Archive for November, 2009
We can come back to Ready To Die a thousand times here on A Story To Tell and still not run out of things to say. It is simply that great an album. No make that a million times. We all know every nook and cranny of this record, and yet surely we still all get surprising goosebumps when we play it, when the comfort of familiarity momentarily gives way to wonder and awe and a reminder of the brilliance of this unique rapper.
And I had one such moment the other day when listing to the simply sensational “Everyday Struggle”. Now here is a tune that has always been amongst my favourites amongst a glittering selection, but is not often vaunted. And yet it shows off, to my mind, everything that is great about the album itself, and just why Biggie took rap to places no one had yet been, and in many respects no one has been since. Less glitzy than anthems like “Big Poppa”, “Unbelievable” or “Juicy”, much less hardcore than “Warning”, “Ready to Die” or “Gimme The Loot”, it is nonetheless startling.
Lyrically it is immense, an absolute archetype of the story-telling that BIG has become so famed for. Everyday tales of life as a mid-level hustler, dripping with authenticity and yet given an extra depth by its refreshingly stark emotional honesty. Life as a hustler is stressful, paranoid, soul-destroying, and in many ways no life at all. It is racked with self-doubt and self-loathing. And yet those involved in the life are drawn to it again and again, sometimes the only means available to try to improve their lot. A choice yes, but a pre-determined fatalism also. The rewards are few and far between, and soured by the moral emptiness of the process itself. But of course what “Everyday Struggle” also epitomises is the sparse beats of Biggie’s debut, and incredible and unheralded production job on this track from Puff’s team The Bluez Brothers, featuring an inspired jazz sample from Dave Grusin’s “Either Way”. Listen to the original and marvel at how they found it, and then how they thought to even use it. But from start to finish the backing track provides the perfect forum for BIG to spit his tales of life on the street. For me the insistent snap of the snare, especially when it double hits as the chorus begins the song, is the moment that makes the hair stand up on the neck. And it never goes down for the next five minutes.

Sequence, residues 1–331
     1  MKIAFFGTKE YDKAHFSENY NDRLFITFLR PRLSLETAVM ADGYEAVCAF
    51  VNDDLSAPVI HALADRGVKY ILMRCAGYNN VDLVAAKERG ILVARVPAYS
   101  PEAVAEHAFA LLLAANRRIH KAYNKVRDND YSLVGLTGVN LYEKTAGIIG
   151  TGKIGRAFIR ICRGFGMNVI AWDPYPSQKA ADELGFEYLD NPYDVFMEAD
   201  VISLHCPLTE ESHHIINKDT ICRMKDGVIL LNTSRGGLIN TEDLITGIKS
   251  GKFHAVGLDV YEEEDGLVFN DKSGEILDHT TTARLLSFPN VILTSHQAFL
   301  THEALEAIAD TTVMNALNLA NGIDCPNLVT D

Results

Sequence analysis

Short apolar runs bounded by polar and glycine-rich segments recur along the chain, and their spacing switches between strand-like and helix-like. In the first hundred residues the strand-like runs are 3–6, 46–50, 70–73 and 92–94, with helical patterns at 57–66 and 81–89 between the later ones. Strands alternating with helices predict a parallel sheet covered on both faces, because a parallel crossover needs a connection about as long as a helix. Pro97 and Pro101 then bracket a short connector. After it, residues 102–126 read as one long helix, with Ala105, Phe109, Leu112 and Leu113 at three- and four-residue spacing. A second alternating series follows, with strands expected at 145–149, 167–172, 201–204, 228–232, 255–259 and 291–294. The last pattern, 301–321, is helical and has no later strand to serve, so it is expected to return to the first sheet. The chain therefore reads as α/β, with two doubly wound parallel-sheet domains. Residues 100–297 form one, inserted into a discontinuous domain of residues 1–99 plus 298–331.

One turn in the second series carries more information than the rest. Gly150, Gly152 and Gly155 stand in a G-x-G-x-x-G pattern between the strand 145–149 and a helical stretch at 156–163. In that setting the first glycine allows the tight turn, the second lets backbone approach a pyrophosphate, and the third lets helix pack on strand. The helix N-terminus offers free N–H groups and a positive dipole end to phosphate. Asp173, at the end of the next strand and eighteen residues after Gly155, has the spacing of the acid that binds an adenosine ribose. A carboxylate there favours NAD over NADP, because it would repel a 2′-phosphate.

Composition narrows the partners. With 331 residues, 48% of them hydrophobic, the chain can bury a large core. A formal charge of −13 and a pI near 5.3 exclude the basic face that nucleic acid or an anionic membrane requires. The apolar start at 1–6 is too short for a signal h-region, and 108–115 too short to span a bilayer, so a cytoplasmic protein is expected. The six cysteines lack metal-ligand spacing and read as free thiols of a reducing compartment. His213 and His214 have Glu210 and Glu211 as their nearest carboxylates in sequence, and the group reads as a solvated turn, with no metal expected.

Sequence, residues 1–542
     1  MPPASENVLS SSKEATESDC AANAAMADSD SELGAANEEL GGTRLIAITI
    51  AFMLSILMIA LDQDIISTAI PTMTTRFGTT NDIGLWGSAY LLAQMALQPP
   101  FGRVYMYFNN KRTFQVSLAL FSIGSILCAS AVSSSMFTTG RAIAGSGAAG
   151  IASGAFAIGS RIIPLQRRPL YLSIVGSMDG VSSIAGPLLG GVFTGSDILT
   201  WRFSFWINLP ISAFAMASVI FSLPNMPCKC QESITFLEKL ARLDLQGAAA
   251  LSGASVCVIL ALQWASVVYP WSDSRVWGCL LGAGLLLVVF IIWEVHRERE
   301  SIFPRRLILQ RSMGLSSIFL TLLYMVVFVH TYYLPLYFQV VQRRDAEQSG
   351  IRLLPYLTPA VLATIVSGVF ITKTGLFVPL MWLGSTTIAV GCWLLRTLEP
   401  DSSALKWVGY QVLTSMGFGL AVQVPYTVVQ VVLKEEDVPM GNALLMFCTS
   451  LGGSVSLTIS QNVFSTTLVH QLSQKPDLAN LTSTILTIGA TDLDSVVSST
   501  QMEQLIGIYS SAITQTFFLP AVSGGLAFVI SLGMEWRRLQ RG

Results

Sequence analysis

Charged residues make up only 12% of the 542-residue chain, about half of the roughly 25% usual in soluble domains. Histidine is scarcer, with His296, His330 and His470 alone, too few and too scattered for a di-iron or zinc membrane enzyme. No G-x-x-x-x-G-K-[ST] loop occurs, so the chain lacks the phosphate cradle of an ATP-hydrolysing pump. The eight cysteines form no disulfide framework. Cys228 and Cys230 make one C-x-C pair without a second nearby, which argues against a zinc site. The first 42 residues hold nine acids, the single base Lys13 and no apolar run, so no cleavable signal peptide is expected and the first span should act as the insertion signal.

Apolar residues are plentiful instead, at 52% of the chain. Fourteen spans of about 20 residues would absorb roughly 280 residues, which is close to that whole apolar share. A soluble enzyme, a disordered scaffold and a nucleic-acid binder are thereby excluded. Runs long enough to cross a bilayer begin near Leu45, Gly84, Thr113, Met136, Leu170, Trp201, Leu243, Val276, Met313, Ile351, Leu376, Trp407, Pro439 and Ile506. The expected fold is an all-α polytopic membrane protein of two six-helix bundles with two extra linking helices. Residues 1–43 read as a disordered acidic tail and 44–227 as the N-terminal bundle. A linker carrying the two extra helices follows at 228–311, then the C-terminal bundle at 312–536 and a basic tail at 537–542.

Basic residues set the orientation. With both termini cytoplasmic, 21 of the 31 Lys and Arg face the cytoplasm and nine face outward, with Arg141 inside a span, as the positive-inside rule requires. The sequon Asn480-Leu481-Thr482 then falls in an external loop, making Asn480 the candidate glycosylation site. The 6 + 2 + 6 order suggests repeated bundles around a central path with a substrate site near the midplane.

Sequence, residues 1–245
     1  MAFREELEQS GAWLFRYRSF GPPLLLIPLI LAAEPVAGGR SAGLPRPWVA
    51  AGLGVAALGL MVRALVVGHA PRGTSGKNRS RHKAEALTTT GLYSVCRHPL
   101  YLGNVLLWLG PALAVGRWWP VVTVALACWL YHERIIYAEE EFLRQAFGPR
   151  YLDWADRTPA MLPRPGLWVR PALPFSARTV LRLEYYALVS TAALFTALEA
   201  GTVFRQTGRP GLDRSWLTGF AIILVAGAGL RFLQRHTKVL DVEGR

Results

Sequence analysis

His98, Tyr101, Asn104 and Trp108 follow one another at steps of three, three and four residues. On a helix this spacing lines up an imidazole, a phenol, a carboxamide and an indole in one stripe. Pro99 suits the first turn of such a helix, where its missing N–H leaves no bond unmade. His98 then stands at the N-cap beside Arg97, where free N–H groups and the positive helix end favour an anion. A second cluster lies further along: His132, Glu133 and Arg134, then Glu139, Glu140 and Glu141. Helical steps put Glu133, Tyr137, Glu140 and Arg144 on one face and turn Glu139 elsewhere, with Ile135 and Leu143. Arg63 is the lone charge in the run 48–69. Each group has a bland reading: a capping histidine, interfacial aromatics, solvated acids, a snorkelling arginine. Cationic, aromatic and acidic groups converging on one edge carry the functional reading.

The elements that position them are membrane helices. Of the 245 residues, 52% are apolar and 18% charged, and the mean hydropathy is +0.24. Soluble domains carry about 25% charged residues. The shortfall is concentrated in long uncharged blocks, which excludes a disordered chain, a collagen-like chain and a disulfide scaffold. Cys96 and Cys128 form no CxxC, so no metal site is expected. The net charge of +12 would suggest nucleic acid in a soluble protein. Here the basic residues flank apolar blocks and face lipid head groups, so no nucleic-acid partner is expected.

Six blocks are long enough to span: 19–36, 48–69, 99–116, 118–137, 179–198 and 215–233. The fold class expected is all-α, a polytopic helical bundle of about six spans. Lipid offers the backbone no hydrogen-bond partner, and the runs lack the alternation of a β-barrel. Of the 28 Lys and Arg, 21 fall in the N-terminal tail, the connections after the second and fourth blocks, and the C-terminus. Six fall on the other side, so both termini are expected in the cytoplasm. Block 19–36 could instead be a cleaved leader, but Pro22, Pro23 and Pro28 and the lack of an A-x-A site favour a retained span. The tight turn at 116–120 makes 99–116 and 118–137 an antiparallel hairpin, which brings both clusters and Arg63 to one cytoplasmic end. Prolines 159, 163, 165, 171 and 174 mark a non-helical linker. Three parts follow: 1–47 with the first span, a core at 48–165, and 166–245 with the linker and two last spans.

And then there is the flow. Laced with his trademark doubled and tripled up rhymes coming in quick succession, the faultless delivery intertwined with the beat so seamlessly. I mean seriously, has anyone ever hit it quite so perfectly on the beat? And lyrics that are simply difficult to better. Who in their right mind can effortlessly rhyme Mayor Giuliani with John Gotti and make it sound velvet? Who can switch up the tempo and drop the couplet such as “Heard Tec got murdered in a town I never heard of, by some bitch named Alberta over nickel-plated burners” with perfect pace?
Who can drop so much slang into a rhyme and yet still convey meaning with crystal clarity? It’s Biggie of course, and syllable for syllable this tune simply kills it every time. It has a similar effect on me as the equally brilliant tale told in “Niggas Bleed”, albeit with a different hue in subject matter. But the analysis of that mini-masterpiece will have to wait for now, because on “Everyday Struggle” BIG simply provides the beating heart of his stunning debut.
Let’s not forget the basic ingredients of hip-hop. At its best pure turntablism just can’t be beat. And who better to remind is of this fact than the West Coast’s own DJ Aladdin, killing the DMC’s way back in 1989. This set is priceless, for the skills, but also the selection. Rub the lamp, you’ve got two more wishes left.
Rumours have abounded for a while, but it looks as though it is actually going to happen this winter. I’m talking, of course, about the Wu Massacre, the collaboration between Meth, Rae and Ghostface, that will perhaps continue the Wu renaissance. Touted to drop just before Christmas, and preceded by some “Se7en” inspired trailers already whetting the appetite like a Christmas dinner with all the trimmings, the prospect of this album is slightly scary – in a good way.
While Ghostface has never really fallen from his earliest Wu highlights, maintaining a stellar solo output, Raekwon has recently brought all the spotlight back onto himself with Cuban Linx 2, a huge return to form hot on the heels of “8 Diagrams” which is a much better Wu album than perhaps people are giving it credit for. But it is the prospect of perhaps the three brightest Wu emcees on record together, trailed by the outstanding “New Wu” from Rae’s solo cut, that really gets the imagination firing.
If they all bring their A-game this could be one of the truly great records. There is a new Wu movement afott, you can feel it, and they may just be forming like Voltron once more, ready to take the game back. Wu Tang again? Aaaah, again and again….